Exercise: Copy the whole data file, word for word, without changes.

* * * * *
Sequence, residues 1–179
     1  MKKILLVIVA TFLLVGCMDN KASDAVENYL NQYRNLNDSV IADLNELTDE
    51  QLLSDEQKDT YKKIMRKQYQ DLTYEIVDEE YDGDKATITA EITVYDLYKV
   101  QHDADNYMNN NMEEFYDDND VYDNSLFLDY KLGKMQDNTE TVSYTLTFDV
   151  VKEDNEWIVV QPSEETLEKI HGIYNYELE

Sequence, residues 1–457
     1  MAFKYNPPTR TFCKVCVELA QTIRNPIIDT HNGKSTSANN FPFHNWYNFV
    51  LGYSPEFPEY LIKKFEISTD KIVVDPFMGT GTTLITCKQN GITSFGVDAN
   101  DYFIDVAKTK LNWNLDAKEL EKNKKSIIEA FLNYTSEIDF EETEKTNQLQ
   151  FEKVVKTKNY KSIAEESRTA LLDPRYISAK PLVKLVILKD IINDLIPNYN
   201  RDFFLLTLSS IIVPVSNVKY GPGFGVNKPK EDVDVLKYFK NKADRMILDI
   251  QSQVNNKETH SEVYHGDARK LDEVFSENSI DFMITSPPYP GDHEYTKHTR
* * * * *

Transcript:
Sequence, residues 1–179
     1  MKKILLVIVA TFLLVGCMDN KASDAVENYL NQYRNLNDSV IADLNELTDE
    51  QLLSDEQKDT YKKIMRKQYQ DLTYEIVDEE YDGDKATITA EITVYDLYKV
   101  QHDADNYMNN NMEEFYDDND VYDNSLFLDY KLGKMQDNTE TVSYTLTFDV
   151  VKEDNEWIVV QPSEETLEKI HGIYNYELE

Sequence, residues 1–457
     1  MAFKYNPPTR TFCKVCVELA QTIRNPIIDT HNGKSTSANN FPFHNWYNFV
    51  LGYSPEFPEY LIKKFEISTD KIVVDPFMGT GTTLITCKQN GITSFGVDAN
   101  DYFIDVAKTK LNWNLDAKEL EKNKKSIIEA FLNYTSEIDF EETEKTNQLQ
   151  FEKVVKTKNY KSIAEESRTA LLDPRYISAK PLVKLVILKD IINDLIPNYN
   201  RDFFLLTLSS IIVPVSNVKY GPGFGVNKPK EDVDVLKYFK NKADRMILDI
   251  QSQVNNKETH SEVYHGDARK LDEVFSENSI DFMITSPPYP GDHEYTKHTR